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Consturction of a Mitigation (From Psychology, Law and Legal Processes, P 152-164, 1979, by D P Farrington, et al - See NCJ - 70738)

NCJ Number
J Shapland
Date Published
13 pages
Results are reported from a study that examined how British lawyers construct a mitigation (a presentation to the court on a client's behalf at the sentencing stage of a trial).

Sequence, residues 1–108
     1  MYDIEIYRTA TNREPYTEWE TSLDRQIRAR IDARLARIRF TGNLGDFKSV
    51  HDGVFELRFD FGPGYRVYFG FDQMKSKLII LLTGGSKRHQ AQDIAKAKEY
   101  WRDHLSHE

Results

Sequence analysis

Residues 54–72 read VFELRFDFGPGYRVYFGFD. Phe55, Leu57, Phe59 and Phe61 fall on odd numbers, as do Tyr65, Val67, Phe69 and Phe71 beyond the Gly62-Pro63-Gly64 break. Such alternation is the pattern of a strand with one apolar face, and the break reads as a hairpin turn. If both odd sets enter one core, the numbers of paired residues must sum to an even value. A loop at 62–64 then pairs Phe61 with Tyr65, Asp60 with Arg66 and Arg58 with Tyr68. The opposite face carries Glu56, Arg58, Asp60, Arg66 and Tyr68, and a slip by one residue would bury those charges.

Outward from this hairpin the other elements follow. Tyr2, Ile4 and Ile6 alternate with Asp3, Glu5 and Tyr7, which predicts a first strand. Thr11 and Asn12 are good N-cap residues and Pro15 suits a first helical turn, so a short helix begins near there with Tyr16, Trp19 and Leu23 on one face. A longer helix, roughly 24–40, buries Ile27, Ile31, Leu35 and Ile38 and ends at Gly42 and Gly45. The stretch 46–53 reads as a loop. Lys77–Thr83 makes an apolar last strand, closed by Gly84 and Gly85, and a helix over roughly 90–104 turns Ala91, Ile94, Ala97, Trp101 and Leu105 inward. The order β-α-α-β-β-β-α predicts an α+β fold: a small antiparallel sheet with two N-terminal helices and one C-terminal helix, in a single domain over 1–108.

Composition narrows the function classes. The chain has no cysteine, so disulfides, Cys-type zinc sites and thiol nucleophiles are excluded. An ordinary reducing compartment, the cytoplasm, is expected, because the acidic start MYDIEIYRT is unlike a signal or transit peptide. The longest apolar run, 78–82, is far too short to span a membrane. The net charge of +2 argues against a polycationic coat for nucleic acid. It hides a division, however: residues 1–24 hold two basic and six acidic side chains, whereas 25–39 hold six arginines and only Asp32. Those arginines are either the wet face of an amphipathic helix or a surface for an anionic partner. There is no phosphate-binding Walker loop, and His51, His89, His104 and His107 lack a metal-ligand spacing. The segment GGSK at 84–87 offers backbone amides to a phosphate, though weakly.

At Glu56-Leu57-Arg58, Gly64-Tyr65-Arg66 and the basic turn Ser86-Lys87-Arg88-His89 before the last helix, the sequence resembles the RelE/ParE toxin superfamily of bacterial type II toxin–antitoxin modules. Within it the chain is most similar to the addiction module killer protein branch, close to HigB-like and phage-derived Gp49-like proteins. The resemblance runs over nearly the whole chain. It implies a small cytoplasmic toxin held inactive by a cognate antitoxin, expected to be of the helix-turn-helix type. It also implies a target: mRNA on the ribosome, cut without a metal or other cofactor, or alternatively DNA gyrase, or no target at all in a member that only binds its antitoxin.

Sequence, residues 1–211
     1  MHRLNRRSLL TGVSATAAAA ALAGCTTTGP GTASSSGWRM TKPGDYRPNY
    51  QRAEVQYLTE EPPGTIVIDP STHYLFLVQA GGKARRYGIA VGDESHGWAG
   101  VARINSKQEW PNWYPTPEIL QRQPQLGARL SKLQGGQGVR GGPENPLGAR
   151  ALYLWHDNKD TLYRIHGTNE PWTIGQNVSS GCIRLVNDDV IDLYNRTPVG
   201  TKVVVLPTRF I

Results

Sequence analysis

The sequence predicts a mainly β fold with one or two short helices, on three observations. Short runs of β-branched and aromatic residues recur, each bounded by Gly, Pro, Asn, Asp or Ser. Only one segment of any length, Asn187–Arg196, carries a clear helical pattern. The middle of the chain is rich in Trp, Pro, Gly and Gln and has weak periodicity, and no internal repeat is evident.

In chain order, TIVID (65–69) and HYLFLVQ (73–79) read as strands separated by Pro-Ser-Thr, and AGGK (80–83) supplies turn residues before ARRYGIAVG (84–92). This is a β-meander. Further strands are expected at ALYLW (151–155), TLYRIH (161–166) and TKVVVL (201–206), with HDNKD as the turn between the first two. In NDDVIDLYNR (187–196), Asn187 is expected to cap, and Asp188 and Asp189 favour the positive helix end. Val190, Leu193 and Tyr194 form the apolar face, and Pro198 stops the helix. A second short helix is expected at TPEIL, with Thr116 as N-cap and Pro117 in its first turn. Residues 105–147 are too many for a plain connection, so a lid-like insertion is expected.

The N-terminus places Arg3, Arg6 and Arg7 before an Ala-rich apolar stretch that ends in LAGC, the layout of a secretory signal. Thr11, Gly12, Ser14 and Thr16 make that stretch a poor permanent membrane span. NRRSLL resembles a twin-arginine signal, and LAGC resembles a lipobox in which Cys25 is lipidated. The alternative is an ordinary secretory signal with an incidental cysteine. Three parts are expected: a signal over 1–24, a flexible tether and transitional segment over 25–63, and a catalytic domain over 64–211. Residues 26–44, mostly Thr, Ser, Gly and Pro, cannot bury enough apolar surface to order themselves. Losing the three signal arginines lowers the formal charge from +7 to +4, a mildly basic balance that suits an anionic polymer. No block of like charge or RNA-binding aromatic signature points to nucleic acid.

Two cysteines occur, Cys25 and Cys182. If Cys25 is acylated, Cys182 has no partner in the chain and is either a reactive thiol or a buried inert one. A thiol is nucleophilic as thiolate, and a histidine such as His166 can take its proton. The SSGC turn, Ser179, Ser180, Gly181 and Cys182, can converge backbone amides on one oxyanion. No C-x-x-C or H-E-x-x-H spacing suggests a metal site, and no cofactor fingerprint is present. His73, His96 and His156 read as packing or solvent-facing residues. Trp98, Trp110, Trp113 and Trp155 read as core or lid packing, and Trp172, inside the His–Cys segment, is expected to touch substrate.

Thirty lawyers with 1 to 13 years of experience were interviewed and presented with briefs of cases for which they were asked to construct mitigation, including topics covered in the interview with the client, the mitigating factors identified, and sentence recommendations. In terms of the client interview, it was found that the information previously prepared by other professional (solicitor or police) was instrumental in determining some of the questions asked by the lawyer in the client interview. There was considerable consensus between lawyers on these questions; however, there was considerable disparity regarding other questions asked. In the construction of the mitigation, there was great disparity over the mitigating factors put forward in the same cases, with 94 separate factors used by one or more lawyers. Selectivity in discerning mitigating factors from the total body of information was apparently the main reason for the disparity. There was also considerable disagreement on sentence recommendations, with a split occurring mainly between probation and a suspended sentence. This may represent a split between dealing with the problem of the offender and considering primarily the severity of the offense. This research is a necessary preliminary to understanding what happens in actual court situations. Tabular data, notes, and two references are provided. For related documents, see NCJ70738-44 and 7074648.


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